Saturday, September 1, 2018

Elsa Hart

Elsa Hart was born in Rome, Italy, but her earliest memories are of Moscow, where her family lived until 1991. Since then she has lived in the Czech Republic, the U.S.A., and China. She earned a B.A. from Swarthmore College and a J.D. from Washington University in St. Louis School of Law. She wrote her first novel, Jade Dragon Mountain, in the mountain borderlands of Southwest China.

Hart's latest novel is City of Ink.

Recently I asked the author about what she was reading. Her reply:
Dune, by Frank Herbert

I write historical mysteries, but I often turn to fantasy and science fiction for lessons on how to build worlds.

The more removed a setting is from contemporary reality, the more elucidation it needs to make it navigable for readers. There is added pressure on mysteries, which work best when readers are given a fair shot at guessing the solution. A reader can’t be expected to solve a puzzle without knowing the rules. What do the characters in this setting value? What do they fear? What choices are available to them?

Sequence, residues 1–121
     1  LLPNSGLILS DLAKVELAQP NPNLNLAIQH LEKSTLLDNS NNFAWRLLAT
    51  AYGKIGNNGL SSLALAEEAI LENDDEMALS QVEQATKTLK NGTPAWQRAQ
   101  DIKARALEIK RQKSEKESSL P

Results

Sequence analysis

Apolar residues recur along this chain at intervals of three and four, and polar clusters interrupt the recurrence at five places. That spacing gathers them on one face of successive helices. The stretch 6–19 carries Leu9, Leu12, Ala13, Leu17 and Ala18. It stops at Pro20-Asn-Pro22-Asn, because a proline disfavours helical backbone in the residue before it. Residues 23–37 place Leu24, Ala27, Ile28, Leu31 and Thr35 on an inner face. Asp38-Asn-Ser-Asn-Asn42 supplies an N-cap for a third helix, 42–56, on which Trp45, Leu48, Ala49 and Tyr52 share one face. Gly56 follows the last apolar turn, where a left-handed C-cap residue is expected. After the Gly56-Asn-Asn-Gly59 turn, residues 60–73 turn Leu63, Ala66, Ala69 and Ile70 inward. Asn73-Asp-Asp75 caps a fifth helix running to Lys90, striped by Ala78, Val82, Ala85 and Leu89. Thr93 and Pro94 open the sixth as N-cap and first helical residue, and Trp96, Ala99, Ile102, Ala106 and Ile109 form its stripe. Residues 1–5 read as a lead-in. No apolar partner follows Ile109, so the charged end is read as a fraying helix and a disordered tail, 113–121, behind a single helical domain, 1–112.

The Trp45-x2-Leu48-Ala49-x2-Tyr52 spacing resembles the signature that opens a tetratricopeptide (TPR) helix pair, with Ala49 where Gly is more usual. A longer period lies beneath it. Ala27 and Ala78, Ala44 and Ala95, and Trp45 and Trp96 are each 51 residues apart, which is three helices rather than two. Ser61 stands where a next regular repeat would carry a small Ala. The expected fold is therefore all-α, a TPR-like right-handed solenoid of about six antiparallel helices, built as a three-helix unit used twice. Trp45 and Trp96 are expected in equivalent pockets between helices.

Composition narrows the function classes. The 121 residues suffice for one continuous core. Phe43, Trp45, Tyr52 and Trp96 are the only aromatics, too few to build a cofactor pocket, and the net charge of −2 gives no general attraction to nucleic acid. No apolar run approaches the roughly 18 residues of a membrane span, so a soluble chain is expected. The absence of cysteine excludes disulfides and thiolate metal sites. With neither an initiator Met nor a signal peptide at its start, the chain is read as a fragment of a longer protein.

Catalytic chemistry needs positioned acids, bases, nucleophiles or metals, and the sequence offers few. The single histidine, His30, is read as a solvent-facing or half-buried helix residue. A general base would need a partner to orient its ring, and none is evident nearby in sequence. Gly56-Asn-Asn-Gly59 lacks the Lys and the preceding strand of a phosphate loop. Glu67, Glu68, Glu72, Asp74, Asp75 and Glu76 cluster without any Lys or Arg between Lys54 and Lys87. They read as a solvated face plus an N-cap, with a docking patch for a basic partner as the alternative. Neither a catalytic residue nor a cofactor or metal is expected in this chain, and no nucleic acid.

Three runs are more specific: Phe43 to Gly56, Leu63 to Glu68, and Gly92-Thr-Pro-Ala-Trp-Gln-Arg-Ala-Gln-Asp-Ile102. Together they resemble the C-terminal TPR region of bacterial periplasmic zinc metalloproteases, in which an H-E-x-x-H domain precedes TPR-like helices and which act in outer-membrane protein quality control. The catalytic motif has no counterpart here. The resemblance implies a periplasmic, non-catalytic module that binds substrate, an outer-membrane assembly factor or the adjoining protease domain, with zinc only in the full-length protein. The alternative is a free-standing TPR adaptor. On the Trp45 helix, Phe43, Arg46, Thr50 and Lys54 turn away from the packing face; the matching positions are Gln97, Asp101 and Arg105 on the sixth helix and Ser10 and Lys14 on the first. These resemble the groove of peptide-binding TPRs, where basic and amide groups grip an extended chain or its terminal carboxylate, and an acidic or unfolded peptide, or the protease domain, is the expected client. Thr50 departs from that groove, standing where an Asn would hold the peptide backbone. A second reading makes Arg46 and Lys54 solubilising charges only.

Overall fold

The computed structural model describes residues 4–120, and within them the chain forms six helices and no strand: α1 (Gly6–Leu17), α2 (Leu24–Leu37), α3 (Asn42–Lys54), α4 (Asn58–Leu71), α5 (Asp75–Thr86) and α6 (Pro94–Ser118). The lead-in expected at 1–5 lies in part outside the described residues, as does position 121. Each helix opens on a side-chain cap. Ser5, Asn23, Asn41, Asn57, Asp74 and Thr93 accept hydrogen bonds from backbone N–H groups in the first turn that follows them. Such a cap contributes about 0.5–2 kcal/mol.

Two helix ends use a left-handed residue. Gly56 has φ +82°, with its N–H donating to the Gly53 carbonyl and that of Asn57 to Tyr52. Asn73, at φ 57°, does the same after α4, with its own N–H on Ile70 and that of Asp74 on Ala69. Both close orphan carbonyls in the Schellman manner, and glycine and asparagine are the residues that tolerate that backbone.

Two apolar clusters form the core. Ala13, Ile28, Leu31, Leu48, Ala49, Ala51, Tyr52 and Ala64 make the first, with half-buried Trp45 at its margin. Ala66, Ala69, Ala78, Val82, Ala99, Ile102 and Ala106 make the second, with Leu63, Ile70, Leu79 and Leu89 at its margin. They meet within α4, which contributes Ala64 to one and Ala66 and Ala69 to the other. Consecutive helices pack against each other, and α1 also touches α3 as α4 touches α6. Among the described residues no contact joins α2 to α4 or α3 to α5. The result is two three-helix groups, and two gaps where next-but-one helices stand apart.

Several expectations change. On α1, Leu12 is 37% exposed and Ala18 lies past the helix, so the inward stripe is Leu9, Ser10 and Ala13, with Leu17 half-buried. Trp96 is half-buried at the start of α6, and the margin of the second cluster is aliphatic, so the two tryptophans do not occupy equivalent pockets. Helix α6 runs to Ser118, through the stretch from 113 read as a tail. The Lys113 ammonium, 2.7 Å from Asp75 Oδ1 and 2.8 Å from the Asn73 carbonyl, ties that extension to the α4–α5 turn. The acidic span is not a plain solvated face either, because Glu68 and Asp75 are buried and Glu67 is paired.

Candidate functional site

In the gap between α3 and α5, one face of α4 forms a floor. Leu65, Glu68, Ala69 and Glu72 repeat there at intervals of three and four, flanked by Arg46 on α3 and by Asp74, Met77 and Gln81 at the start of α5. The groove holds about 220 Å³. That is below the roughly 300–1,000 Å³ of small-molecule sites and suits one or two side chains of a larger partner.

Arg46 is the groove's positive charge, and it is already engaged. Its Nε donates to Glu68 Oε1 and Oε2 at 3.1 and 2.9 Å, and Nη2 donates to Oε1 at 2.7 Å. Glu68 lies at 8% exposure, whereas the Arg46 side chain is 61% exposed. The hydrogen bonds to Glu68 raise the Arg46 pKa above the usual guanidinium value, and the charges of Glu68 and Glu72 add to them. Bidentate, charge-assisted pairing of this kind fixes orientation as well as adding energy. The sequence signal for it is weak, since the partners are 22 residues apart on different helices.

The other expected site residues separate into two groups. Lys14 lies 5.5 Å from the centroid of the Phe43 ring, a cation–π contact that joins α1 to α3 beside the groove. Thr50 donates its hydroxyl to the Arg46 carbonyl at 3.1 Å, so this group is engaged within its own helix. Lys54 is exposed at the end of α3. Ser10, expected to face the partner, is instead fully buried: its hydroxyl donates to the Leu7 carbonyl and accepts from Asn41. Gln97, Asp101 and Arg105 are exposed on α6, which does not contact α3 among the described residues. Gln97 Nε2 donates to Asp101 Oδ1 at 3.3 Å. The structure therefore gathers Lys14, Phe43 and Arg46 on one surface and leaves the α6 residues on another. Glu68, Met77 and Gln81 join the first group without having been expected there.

Great writers of science fiction and fantasy are experts at embedding descriptions of unfamiliar settings into a story. I’d been intending to read Dune for years, knowing the acclaim it has received for the sheer scope of its world-building.

Having finished it, I can see why! The brilliance of this book is in details so subtle they are easy to overlook, details of weaponry and combat, of mythology and religion, of ecology and technology. Dune is considered fundamental to its genre, and I expected to encounter more elements that have become tropes in the years since its publication. I didn’t expect to be so surprised, and I thoroughly enjoyed the jolt to my imagination.

The book I’ll be picking up next is The Invisibility Cloak by Ge Fei.
Visit Elsa Hart's website.

--Marshal Zeringue